Shutterstock encourages photographers to upload images to earn royalties when those images sell

Expected pay: 25 cents + per image

Husl$core: $$$

Commissions & fees: 60% to 85%

Where: Nationwide (remote)

Requirements: 18 or older; have legal rights to the content you upload

What is Shutterstock?

Shutterstock is a stock photo company that enlists freelance photographers to upload photos for sale. When you sell photos, you get paid a royalty.

(This post may contain affiliate links. You can read our full affiliate policy here.)

How it works

The site pays contributors a percentage of what Shutterstock’s clients pay for each upload. However, the commission schedule is tiered, providing increased contributor royalties as you sell more.

Specifically, photographers earn just 15% commission on each sale for up to 100 photos sold; 20% on the next 150 sales; and so on, until — at 25,000 photo sales — you earn 40% of the purchase price.

The formula works the same for videographers, however, you only need to sell 11 videos to jump to the 20% level. You hit the 30% level at 251 video sales, but still don’t get a 40% commission until you sell 25,000 videos.

Shutterstock review

Like Adobe Stock, Shutterstock encourages photographers and videographers to upload their images in exchange for earning royalties when those images sell.

The royalties range from a low of 25 cents per photo to a high of $120. However, that $120 payment was for an “enhanced” license that gives the buyer the right to use your image often and into perpetuity.

By and large, the site pays a lower royalty rate than Adobe Stock. And it also sells photos via package plans that are likely to keep royalty rates low, except in unusual circumstances.

That said, Shutterstock is one of the largest stock photo operations in the world and has managed to pay contributors over $1 billion in its 15-year history. That makes it too big to ignore, if you want to make money selling stock photos.

What we like

The site gets 70- 80 million web visits a month making it the most frequently visited photo site in the world, according to SimilarWeb. Shutterstock is also good about keeping its contributors on top of the latest trends, encouraging them to submit photos that have a good likelihood of getting purchased.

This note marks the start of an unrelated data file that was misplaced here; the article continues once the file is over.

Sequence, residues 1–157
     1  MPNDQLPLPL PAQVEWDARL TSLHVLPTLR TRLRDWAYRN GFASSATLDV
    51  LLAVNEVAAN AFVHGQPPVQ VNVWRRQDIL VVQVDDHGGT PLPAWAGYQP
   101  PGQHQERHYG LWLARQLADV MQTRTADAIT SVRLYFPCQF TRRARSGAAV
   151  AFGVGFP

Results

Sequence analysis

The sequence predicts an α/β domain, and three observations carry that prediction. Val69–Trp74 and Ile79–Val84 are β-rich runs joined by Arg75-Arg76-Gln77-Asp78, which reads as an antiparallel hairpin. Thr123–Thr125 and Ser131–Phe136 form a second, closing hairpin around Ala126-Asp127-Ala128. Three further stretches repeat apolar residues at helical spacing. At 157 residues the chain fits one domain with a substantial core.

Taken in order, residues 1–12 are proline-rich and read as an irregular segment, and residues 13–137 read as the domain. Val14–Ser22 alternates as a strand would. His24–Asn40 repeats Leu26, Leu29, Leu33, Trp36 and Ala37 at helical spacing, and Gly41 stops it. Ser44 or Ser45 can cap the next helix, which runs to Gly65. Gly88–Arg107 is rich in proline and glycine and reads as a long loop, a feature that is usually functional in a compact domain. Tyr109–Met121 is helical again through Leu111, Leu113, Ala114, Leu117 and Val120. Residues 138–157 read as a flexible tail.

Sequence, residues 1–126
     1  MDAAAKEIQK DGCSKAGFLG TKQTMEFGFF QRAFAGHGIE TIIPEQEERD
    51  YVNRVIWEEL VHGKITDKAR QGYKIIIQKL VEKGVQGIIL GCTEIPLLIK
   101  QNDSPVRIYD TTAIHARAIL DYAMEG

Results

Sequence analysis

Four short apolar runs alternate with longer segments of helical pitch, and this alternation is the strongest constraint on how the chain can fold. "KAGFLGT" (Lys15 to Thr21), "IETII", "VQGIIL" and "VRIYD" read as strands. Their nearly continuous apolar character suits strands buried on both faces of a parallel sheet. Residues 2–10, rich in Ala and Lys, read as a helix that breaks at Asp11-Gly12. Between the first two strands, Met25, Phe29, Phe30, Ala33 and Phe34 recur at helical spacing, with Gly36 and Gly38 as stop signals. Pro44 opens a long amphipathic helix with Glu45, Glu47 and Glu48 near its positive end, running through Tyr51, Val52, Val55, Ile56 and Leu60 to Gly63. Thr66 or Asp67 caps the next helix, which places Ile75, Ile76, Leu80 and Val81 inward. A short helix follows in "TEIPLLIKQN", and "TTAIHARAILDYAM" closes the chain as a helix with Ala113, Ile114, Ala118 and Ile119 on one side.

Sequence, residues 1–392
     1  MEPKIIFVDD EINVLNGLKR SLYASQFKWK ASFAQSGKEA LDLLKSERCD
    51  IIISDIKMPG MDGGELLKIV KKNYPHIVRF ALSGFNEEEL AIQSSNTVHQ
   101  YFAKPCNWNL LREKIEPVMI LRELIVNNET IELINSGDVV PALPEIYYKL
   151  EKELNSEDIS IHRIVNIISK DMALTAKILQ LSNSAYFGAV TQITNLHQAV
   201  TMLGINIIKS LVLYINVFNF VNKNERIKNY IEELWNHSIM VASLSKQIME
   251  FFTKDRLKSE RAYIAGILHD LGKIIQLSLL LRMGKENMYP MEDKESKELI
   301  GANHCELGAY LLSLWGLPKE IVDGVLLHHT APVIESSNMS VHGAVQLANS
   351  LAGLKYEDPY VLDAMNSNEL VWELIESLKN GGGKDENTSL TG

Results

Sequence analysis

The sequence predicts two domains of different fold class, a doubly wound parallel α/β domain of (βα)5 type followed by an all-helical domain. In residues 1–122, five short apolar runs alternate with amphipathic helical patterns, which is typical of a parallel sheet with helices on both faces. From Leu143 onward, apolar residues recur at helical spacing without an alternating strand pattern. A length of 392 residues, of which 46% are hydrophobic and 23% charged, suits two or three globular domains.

By signing up with Shutterstock, you also are registered for its sister sites that sell news photos and art photography. However, the rights you pass to Shutterstock are non-exclusive, meaning you also can sell your photos elsewhere.

You can also earn money through the site’s referral program. When an artist signs up with your link, you can earn 4 cents on their images and 10% on their videos. If you refer clients to the site, you can get up to $200.

You can sign up with Shutterstock here.

What we don’t like

The site also only pays contributors when they have accumulated at least $35. (Those who want to be paid by check need to build up $500 to get paid.) If you get booted from the site before you get paid, any accumulated earnings in your account can be seized by Shutterstock.

If you want to restrict the site from giving a buyer “enhanced rights” — basically the right to publish anywhere, anyhow and as many times as the buyer wants — you have to opt out.

And if you want to restrict the site from selling your images for “sensitive use” you also have to opt out. What is sensitive use? To use Shutterstock’s description: “Sensitive Uses are those uses that depict a person in a manner that a reasonable person might consider offensive, controversial or unflattering.”


If you take stock photos, we think Shutterstock is too big and powerful to ignore. You can sign up with Shutterstock here.

But you may also want to consider selling photos through non-exclusive licenses with Adobe Stock, GettyImages and print on demand sites Society6 and FineArtAmerica.

What their contributors say:

(from forums.shutterstock)

I’ve been a contributor for a little over a year and had my first sale in Feb 2016. The $$ is not worth mentioning. Just like the other members said, it takes thousands of images in your portfolio to start making any real $$. I only have about 140 images on site right now. But I have a total of 32 sold images and am ready to load 100 more. Unfortunately there seems to be a problem with uploading and I’m kind of waiting for it to be resolved.

Just joined about a month ago, and have slightly fewer than 70 photos in my portfolio. Total earnings is a grand total of $1.00 (4 downloads) right now. Not much at all, but I was not really expecting this to replace my day job.

I think it’s also important to regularly add to your port. It seems to help boost your images in search results. When I go too long without uploading I do notice a drop in sales. Keep at it. With 50-100 quality commercial images you should see at least daily/semi-daily sales.

From WalletSquirel:

I made $1.88….after a lot of work

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